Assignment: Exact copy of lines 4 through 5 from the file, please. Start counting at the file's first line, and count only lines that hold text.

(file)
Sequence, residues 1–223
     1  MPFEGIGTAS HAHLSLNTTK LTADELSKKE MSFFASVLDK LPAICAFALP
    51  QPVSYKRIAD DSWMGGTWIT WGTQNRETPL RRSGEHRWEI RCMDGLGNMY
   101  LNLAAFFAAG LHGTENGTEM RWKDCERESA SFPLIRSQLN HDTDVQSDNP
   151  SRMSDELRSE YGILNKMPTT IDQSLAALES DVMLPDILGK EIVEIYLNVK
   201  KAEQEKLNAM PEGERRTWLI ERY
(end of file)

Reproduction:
   101  LNLAAFFAAG LHGTENGTEM RWKDCERESA SFPLIRSQLN HDTDVQSDNP
   151  SRMSDELRSE YGILNKMPTT IDQSLAALES DVMLPDILGK EIVEIYLNVK